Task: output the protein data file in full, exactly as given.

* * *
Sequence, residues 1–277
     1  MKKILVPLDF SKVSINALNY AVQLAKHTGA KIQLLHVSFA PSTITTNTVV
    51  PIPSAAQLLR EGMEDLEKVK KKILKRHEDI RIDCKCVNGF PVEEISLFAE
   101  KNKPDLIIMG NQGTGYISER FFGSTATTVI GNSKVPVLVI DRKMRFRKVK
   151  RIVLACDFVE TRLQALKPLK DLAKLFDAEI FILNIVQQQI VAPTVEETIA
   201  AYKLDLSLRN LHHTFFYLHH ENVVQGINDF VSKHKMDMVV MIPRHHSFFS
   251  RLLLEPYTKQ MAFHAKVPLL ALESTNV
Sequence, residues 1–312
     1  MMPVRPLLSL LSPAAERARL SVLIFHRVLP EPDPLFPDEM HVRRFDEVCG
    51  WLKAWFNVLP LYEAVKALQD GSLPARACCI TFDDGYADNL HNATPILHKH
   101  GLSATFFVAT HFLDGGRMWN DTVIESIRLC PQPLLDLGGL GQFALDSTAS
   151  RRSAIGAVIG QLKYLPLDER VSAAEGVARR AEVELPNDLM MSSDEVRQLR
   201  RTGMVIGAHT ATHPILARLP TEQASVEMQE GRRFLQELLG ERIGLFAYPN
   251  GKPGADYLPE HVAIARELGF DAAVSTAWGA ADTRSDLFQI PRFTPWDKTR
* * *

Sequence, residues 1–277
     1  MKKILVPLDF SKVSINALNY AVQLAKHTGA KIQLLHVSFA PSTITTNTVV
    51  PIPSAAQLLR EGMEDLEKVK KKILKRHEDI RIDCKCVNGF PVEEISLFAE
   101  KNKPDLIIMG NQGTGYISER FFGSTATTVI GNSKVPVLVI DRKMRFRKVK
   151  RIVLACDFVE TRLQALKPLK DLAKLFDAEI FILNIVQQQI VAPTVEETIA
   201  AYKLDLSLRN LHHTFFYLHH ENVVQGINDF VSKHKMDMVV MIPRHHSFFS
   251  RLLLEPYTKQ MAFHAKVPLL ALESTNV
Sequence, residues 1–312
     1  MMPVRPLLSL LSPAAERARL SVLIFHRVLP EPDPLFPDEM HVRRFDEVCG
    51  WLKAWFNVLP LYEAVKALQD GSLPARACCI TFDDGYADNL HNATPILHKH
   101  GLSATFFVAT HFLDGGRMWN DTVIESIRLC PQPLLDLGGL GQFALDSTAS
   151  RRSAIGAVIG QLKYLPLDER VSAAEGVARR AEVELPNDLM MSSDEVRQLR
   201  RTGMVIGAHT ATHPILARLP TEQASVEMQE GRRFLQELLG ERIGLFAYPN
   251  GKPGADYLPE HVAIARELGF DAAVSTAWGA ADTRSDLFQI PRFTPWDKTR